• United States

Getting rid of scumware. Mostly.

May 04, 20044 mins
Enterprise ApplicationsMalware

* Backspin columnist Mark Gibbs shares his favorite error message sent in by a reader

A few weeks ago I was discussing anomalous error messages and reader Aaron Wayman sent in the following Windows error text:

“While validating that COM2 was really a serial port, the contents of the divisor latch register was identical to the interrupt enable and the receive registers. The device is assumed not to be a serial port and will be deleted.”

Reader Mark Rice contributed a Veritas NetBackup error message:

“ERROR: invalid error number.”

Reader John Day came up with my favorite of all, which requires a little explanation:

“ARPANet [Terminal Interface Processors] were a bit like what an X.25 PAD became. . . . BBN got the bright idea to give it better capability and support a much richer user interface. Good idea. But its standard error message was: “won’t.” Not can’t. Just won’t.

Anyway, where were we? Oh yes, for the past two weeks I’ve written about spyware, and last week gave you a simple model for figuring out what spyware might cost you. And it seems from your letters that the spyware problem is even bigger than many of us believed!

Reader Michael Dunn reported that there are many “legitimate sites that aid scumware vendors in their endeavors by bundling spyware on downloads, or hosting ActiveX or Java code that exploits visitor’s browsers. More importantly, many of these scumware providers are violating federal laws and exploiting children with their ‘products’.”

Dunn has seen something that should be a serious concern to any organization: “The biggest problem we have encountered are the ‘adware’ products that serve up pop-up windows. We have seen repeated instances of this kind of scumware serving up pornography, which is particularly disturbing when it shows up on computers serving young children. This is a blatant violation of federal and local pornography statues, but little is being done.”

He concludes that, despite maintaining a router blocklist and spending lots of time and effort to prevent and block scumware, “like spam, it’s a losing fight.”

I think we’re all feeling Dunn’s pain. First we had viruses, then spam, now it’s adware and spyware. Each new wave of problems has cost us time, money, handfuls of hair and, for those of us so inclined, really bad hangovers.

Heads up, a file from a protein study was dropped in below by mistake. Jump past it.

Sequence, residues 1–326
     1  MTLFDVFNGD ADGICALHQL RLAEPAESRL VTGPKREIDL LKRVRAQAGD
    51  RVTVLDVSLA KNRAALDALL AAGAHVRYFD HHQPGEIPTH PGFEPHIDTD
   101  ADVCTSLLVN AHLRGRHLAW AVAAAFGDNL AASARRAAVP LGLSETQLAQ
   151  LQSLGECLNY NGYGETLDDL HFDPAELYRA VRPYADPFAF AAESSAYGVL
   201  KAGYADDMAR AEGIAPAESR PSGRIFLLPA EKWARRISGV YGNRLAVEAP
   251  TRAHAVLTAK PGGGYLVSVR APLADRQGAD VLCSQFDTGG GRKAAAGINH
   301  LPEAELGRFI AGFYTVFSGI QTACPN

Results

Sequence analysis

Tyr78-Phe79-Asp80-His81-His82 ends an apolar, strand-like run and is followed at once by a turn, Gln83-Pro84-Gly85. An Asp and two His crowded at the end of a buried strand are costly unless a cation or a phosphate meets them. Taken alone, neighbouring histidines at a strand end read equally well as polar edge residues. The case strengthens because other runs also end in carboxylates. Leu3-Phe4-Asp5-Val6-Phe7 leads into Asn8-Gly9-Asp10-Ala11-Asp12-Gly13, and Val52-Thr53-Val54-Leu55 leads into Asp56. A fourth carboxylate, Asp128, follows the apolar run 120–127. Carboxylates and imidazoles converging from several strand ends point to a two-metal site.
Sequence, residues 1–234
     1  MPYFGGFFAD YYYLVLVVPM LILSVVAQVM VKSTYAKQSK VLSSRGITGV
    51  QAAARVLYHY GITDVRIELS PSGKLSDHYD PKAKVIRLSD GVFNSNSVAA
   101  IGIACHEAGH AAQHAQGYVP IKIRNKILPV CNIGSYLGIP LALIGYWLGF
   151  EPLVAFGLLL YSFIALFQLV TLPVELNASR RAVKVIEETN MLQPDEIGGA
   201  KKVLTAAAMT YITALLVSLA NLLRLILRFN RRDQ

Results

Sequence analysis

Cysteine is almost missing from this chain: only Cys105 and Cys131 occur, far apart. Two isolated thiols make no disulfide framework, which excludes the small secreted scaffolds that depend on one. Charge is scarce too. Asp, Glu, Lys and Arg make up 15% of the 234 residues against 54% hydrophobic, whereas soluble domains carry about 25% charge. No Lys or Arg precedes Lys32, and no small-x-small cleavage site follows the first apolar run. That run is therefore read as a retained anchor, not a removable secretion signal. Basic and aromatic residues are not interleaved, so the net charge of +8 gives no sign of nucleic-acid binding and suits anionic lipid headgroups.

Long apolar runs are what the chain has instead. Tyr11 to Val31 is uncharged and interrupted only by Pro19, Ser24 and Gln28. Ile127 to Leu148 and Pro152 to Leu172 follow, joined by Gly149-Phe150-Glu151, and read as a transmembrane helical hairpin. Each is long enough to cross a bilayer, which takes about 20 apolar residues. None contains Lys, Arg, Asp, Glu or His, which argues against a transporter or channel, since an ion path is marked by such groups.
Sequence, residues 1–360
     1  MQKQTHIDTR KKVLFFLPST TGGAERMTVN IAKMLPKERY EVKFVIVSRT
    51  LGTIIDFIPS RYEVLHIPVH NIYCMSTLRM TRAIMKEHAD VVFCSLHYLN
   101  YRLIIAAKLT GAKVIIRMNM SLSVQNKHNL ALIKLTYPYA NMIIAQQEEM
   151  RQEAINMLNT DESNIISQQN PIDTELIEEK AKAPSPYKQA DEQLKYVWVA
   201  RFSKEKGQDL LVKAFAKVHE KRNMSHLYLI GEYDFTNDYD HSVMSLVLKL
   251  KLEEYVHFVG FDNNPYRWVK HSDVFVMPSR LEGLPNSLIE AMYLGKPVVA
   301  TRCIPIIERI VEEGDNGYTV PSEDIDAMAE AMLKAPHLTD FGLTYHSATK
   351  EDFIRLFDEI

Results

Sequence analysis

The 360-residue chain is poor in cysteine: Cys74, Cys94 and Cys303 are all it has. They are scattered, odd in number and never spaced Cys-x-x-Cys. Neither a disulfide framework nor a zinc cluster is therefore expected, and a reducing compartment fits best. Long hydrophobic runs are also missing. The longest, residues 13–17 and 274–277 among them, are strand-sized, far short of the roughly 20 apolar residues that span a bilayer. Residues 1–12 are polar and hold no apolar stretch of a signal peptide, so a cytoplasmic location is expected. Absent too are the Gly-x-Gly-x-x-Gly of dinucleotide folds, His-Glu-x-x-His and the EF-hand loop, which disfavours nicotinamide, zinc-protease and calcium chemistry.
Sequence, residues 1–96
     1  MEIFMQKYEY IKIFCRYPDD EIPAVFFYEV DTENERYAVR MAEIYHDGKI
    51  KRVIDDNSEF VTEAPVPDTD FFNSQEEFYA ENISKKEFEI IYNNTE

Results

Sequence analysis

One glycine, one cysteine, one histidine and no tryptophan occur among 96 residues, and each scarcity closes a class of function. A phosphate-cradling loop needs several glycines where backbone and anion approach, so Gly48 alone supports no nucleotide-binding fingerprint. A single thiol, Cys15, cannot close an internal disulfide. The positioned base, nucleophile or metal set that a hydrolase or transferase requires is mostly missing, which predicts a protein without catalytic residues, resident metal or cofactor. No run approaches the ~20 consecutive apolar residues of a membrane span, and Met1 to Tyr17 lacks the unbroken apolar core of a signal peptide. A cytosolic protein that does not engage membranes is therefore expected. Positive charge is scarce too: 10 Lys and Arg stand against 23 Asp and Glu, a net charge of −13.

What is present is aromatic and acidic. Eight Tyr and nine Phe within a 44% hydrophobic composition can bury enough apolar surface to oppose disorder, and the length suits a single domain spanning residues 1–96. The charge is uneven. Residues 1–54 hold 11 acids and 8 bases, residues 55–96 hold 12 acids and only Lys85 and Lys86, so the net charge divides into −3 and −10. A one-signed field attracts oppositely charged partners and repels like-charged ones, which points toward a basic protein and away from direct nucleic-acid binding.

What this tells me is four things. First, IT is indispensable in this whole mess. After spyware and adware will come something else and after that something else again. Only the expertise of professional IT people can hold back the chaos.

Second, as I have written before, legislation cannot significantly address the scumware problem. Even so, huge amounts of time and money will inevitably be wasted trying to legislate against it. Just ignore the politicians behind the curtain.

Third, while user education is helpful, it can only help to a limited degree. Users hardly understand how their computers do the most basic tasks so any illusions you might have about them figuring out that they should not load this free toolbar or that cute screen saver are totally wasted.

Fourth and finally, technology caused the problem, technology will solve it. Whether it will be through anti-scumware utilities, better client-side management or some other method, technology will reduce the problem to a manageable level. I say manageable because the problem can’t be solved any more definitively than can the problems of viruses or spam.

The most important thing you can do about scumware is learn how your organization is being affected and keep up with the best practices for solving the problem as it evolves. Good luck, and rest assured you are going to have a job for a long time to come.

Hold the scumware but forward your thoughts to


Mark Gibbs is an author, journalist, and man of mystery. His writing for Network World is widely considered to be vastly underpaid. For more than 30 years, Gibbs has consulted, lectured, and authored numerous articles and books about networking, information technology, and the social and political issues surrounding them. His complete bio can be found at

More from this author